What is Information? A Three Word Definition

The three word definition. The physicist Brian Greene, in his book The Hidden Reality (Knopf 2011), gives the best definition of information I’ve ever encountered:

So, you start to ponder. What actually is information, and what does it do? Your response is simple and direct. Information answers questions. (252)

The entropy is in the details. It’s wonderful when something is homed-in on so elegantly, but what exactly does “information answers questions” really mean and imply? Green continues:

Years of research by mathematicians, physicists, and computer scientists have made this precise. Their investigations have established that the most useful measure of information content is the number of distinct yes-no questions the information can answer. The coins’ information answers 1,000 such questions: Is the first dollar heads? Yes. Is the second dollar heads? Yes. Is the third dollar heads? No. Is the fourth dollar heads? No. And so on. A datum that can answer a single yes-no question is called a bit–a familiar computer-age term that is short for binary digit, meaning a 0 or 1, which you can think of as a numerical representation of yes or no. The heads-tails arrangement of the 1,000 coins thus contains 1,000 bits’ worth of information. […]

Notice that the value of the entropy and the amount of hidden information are equal. That’s no accident. The number of possible heads-tails rearrangements is the number of possible answers to the 1,000 questions–(yes, yes, no, no, yes, …) or (yes, no, yes, yes, no, …) or (no, yes, no, no, no, …), and so on–namely, 2 [to the power of 1000]. With entropy defined as the logarithm of the number of such rearrangements–1,000 in this case–entropy is the number of yes-no questions any one such sequence answers. (252-253)

So the implication here is startling: when we’re talking about information, we’re also talking about entropy. Information and entropy are one. In other words, the logically possible arrangement of 1000 bits of information (such as the sequence of heads and tales of a coin flipped 1000 times) is a huge number: 2 to the power of 1000. That very, very large number represents all the logically possible ways to sequence heads and tales in 1000 coin tosses, and so that number is the thousand bit system’s maximal entropy/hidden information content. You can’t get any more chaotic than to just keep flipping coins until you get every logically possible sequence that the system allows. Thus, if you want to know what maximum chaos is, enter a system where you have no information; where what you’re looking for could be in any logically possible place within the system; where all the information is hidden. Here’s Greene again:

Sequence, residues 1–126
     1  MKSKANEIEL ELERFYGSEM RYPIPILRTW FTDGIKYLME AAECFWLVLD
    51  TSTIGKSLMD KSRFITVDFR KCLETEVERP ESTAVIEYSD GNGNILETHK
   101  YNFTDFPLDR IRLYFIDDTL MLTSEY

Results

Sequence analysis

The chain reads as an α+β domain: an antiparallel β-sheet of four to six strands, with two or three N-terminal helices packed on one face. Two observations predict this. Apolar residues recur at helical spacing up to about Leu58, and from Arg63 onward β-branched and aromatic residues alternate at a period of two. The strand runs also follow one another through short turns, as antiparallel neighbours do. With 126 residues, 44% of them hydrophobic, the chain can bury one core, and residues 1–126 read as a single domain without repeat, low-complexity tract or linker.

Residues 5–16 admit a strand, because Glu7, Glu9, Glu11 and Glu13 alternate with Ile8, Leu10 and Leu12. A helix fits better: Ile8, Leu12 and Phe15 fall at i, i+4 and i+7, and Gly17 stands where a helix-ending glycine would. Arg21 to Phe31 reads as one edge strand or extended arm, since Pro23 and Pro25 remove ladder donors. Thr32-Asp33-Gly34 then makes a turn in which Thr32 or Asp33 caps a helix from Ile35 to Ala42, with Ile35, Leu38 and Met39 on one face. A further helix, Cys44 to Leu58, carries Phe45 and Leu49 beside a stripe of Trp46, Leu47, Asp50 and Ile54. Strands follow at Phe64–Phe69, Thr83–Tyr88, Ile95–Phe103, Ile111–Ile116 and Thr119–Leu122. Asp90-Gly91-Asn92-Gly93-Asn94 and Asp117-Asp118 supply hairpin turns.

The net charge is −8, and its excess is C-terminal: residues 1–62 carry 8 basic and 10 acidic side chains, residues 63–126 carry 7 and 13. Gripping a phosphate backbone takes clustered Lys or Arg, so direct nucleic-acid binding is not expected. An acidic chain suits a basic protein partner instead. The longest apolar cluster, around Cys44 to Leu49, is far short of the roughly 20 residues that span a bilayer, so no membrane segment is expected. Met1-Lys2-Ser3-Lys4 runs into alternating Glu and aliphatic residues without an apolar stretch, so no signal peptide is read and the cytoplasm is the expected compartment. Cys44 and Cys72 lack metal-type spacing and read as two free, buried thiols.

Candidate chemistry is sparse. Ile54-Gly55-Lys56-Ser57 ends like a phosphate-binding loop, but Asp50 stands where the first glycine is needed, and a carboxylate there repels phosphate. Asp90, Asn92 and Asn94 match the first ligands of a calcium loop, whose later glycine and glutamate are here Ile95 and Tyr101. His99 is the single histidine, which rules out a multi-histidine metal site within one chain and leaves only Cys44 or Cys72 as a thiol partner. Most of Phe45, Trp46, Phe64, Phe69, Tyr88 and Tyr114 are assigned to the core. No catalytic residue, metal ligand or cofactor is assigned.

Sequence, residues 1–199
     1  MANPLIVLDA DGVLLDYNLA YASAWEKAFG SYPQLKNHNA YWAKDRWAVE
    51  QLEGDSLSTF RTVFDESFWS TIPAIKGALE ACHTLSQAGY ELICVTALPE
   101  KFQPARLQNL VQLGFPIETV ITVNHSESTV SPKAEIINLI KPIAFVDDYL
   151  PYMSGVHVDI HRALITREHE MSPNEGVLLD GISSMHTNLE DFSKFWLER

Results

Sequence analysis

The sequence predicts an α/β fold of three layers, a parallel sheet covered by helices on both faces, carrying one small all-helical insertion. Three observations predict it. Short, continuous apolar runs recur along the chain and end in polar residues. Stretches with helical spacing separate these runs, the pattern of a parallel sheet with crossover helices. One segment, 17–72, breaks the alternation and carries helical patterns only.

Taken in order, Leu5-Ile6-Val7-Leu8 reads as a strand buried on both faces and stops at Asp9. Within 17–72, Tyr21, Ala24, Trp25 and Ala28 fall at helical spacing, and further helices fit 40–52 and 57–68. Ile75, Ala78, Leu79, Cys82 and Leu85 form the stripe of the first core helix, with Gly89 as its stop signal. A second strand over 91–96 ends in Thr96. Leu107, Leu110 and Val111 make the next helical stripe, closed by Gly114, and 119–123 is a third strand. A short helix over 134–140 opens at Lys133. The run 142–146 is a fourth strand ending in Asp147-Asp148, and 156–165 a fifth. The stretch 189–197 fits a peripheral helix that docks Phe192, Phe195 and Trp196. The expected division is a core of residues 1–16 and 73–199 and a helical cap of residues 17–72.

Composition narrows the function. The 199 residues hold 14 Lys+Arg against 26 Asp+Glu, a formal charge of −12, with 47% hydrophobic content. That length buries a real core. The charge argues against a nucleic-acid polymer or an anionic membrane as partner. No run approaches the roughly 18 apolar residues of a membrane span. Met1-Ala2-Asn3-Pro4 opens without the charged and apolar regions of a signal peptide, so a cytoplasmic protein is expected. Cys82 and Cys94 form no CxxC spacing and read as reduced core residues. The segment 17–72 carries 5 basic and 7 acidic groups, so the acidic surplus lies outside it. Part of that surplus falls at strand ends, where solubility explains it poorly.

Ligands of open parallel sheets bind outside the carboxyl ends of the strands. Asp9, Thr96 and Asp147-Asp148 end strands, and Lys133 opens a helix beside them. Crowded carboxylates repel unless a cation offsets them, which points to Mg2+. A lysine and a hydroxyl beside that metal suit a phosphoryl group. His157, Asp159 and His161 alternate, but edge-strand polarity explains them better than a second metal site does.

[A] system’s entropy is the number of yes-no questions that its microscopic details have the capacity to answer, and so the entropy is a measure of the system’s hidden information content. (253)

In other words, the relationship between entropy and information is inverse: the more entropy you are presented with, the less you can definitively say at that moment about the system; the less you can map; the less you can control. There are lots of logically possible ways a system can be–that’s its hidden information content–but there’s only one way that a system is in reality–that’s its actual configuration of answers to your yes-no questions. Your mission, should you accept it, is to find out the way the world is by asking it questions.

Fog and ice. So when you know little, you are in the fog of a highly entropic/hidden information system. But once you acquire definite information about a system, and get some control over it–such as in a physical system when you turn fog into ice (a much less entropic form of water because it takes on a definite shape)–the entropy comes down, at least for you locally. You get definite answers to your yes-no questions. The intellectual fog turns to definite ice crystals; definite bits of information that can congeal with other bits of information. The data you have access to and the connections you make out of it are your life’s metaphorical snowflakes.

Cold and hot. The snowflake as a metaphor for information organized and no longer hidden is apt because, interestingly, another measure of entropy is how hot a physical system is. If it’s hot, it’s changing rapidly; your yes-no questions about the system are in flux. But if things are cooled down, the answers you’re getting to your yes-no questions are stable; they’re not like hot and shifting sand under your feet.

Apollo and Dionysus. Put in Nietzschean terms, information organized and no longer hidden is Apollonian. Likewise, a high entropy system is Dionysian. One is sculpture (it is cool certainty, definiteness, like a block of ice made into Mount Rushmore); the other is energetic and amorphous (like music or fog).